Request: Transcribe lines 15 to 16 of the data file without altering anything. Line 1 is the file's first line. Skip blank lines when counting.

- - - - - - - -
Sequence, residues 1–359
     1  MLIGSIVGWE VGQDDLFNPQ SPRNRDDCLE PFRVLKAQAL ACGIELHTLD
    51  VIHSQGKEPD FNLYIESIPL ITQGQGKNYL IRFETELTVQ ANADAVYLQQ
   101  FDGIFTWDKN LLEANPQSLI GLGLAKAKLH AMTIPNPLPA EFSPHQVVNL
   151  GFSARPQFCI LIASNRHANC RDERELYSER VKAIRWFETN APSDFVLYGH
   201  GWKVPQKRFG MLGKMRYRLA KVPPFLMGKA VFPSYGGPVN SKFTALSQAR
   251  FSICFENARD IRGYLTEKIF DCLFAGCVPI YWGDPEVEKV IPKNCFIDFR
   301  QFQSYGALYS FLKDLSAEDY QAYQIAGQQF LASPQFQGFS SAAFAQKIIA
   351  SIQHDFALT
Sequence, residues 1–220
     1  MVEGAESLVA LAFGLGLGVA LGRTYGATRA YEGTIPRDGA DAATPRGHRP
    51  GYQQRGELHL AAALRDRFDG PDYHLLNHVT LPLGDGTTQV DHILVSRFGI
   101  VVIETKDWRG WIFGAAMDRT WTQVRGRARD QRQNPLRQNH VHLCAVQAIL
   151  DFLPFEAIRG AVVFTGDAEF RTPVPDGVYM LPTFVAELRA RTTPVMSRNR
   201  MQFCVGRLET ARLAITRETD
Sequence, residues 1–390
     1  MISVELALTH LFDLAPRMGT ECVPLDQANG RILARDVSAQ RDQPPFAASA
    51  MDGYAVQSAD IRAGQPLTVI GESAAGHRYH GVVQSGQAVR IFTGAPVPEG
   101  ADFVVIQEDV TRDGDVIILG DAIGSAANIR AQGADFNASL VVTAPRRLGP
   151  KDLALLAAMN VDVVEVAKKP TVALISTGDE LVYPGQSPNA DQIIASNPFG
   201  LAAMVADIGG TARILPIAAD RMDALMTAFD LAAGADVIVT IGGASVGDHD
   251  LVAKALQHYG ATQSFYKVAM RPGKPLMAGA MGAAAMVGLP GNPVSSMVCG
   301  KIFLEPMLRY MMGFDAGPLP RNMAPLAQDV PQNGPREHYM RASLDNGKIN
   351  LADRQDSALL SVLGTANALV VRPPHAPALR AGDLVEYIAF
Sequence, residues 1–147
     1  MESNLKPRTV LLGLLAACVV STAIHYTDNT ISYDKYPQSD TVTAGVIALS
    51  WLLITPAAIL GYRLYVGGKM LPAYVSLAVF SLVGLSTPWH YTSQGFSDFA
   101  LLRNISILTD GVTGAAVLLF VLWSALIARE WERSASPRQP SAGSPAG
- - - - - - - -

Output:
   201  MQFCVGRLET ARLAITRETD
Sequence, residues 1–390